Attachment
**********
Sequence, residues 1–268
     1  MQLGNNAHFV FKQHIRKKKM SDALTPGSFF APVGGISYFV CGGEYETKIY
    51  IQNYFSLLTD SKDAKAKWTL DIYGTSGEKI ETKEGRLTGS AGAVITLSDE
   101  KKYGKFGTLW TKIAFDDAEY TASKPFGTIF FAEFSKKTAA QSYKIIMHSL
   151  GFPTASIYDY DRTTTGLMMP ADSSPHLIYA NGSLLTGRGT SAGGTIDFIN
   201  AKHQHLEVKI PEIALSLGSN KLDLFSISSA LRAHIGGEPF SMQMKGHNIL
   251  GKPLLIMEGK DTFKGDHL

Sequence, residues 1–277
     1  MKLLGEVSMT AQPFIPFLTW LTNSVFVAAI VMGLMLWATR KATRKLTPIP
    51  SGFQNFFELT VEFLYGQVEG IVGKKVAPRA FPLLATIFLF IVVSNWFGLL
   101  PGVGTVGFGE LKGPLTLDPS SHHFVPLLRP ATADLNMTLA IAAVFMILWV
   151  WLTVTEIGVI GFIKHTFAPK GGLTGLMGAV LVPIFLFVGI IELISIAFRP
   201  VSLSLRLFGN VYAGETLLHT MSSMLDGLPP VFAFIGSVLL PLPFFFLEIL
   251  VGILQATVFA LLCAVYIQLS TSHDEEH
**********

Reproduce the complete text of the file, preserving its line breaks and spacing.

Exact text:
Sequence, residues 1–268
     1  MQLGNNAHFV FKQHIRKKKM SDALTPGSFF APVGGISYFV CGGEYETKIY
    51  IQNYFSLLTD SKDAKAKWTL DIYGTSGEKI ETKEGRLTGS AGAVITLSDE
   101  KKYGKFGTLW TKIAFDDAEY TASKPFGTIF FAEFSKKTAA QSYKIIMHSL
   151  GFPTASIYDY DRTTTGLMMP ADSSPHLIYA NGSLLTGRGT SAGGTIDFIN
   201  AKHQHLEVKI PEIALSLGSN KLDLFSISSA LRAHIGGEPF SMQMKGHNIL
   251  GKPLLIMEGK DTFKGDHL

Sequence, residues 1–277
     1  MKLLGEVSMT AQPFIPFLTW LTNSVFVAAI VMGLMLWATR KATRKLTPIP
    51  SGFQNFFELT VEFLYGQVEG IVGKKVAPRA FPLLATIFLF IVVSNWFGLL
   101  PGVGTVGFGE LKGPLTLDPS SHHFVPLLRP ATADLNMTLA IAAVFMILWV
   151  WLTVTEIGVI GFIKHTFAPK GGLTGLMGAV LVPIFLFVGI IELISIAFRP
   201  VSLSLRLFGN VYAGETLLHT MSSMLDGLPP VFAFIGSVLL PLPFFFLEIL
   251  VGILQATVFA LLCAVYIQLS TSHDEEH